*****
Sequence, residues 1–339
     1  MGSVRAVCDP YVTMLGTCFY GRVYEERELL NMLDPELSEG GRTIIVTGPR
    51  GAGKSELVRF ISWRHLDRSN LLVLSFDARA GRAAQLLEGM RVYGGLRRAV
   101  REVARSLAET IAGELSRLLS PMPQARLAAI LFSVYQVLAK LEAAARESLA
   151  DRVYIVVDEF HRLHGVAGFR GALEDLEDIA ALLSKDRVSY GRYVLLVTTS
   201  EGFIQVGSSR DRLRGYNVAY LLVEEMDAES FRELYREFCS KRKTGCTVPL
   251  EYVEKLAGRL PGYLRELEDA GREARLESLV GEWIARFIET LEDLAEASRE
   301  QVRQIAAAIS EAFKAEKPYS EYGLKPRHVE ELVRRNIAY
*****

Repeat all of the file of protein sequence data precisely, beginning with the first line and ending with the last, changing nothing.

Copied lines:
Sequence, residues 1–339
     1  MGSVRAVCDP YVTMLGTCFY GRVYEERELL NMLDPELSEG GRTIIVTGPR
    51  GAGKSELVRF ISWRHLDRSN LLVLSFDARA GRAAQLLEGM RVYGGLRRAV
   101  REVARSLAET IAGELSRLLS PMPQARLAAI LFSVYQVLAK LEAAARESLA
   151  DRVYIVVDEF HRLHGVAGFR GALEDLEDIA ALLSKDRVSY GRYVLLVTTS
   201  EGFIQVGSSR DRLRGYNVAY LLVEEMDAES FRELYREFCS KRKTGCTVPL
   251  EYVEKLAGRL PGYLRELEDA GREARLESLV GEWIARFIET LEDLAEASRE
   301  QVRQIAAAIS EAFKAEKPYS EYGLKPRHVE ELVRRNIAY